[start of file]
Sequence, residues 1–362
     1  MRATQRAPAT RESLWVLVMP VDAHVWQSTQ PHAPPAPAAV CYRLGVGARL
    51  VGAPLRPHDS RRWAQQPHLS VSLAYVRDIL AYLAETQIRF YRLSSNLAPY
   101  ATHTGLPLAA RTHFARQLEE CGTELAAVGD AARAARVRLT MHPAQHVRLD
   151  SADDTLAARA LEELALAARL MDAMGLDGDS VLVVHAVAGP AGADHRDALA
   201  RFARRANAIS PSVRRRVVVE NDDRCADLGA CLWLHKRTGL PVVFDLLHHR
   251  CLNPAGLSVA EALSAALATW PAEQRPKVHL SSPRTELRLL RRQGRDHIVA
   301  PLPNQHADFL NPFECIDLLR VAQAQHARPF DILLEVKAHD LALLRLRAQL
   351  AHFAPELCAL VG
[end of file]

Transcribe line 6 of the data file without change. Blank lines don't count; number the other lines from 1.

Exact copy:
   201  RFARRANAIS PSVRRRVVVE NDDRCADLGA CLWLHKRTGL PVVFDLLHHR